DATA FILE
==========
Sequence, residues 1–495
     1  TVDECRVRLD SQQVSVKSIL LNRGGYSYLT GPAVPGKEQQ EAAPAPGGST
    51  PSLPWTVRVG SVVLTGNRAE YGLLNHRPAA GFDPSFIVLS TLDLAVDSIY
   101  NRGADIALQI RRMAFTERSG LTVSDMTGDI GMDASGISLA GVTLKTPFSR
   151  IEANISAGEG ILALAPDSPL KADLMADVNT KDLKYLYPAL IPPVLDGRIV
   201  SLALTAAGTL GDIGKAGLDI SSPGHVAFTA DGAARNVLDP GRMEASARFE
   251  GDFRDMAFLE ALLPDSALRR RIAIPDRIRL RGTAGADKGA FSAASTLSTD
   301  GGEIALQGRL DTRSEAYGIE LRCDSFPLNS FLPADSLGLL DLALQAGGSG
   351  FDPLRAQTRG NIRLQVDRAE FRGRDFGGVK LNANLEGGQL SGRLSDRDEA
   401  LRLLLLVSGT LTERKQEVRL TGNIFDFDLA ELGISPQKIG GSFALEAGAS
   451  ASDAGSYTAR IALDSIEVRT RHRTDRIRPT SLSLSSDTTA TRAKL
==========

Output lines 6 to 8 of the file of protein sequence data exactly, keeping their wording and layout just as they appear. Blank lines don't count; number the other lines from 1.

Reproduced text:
   201  SLALTAAGTL GDIGKAGLDI SSPGHVAFTA DGAARNVLDP GRMEASARFE
   251  GDFRDMAFLE ALLPDSALRR RIAIPDRIRL RGTAGADKGA FSAASTLSTD
   301  GGEIALQGRL DTRSEAYGIE LRCDSFPLNS FLPADSLGLL DLALQAGGSG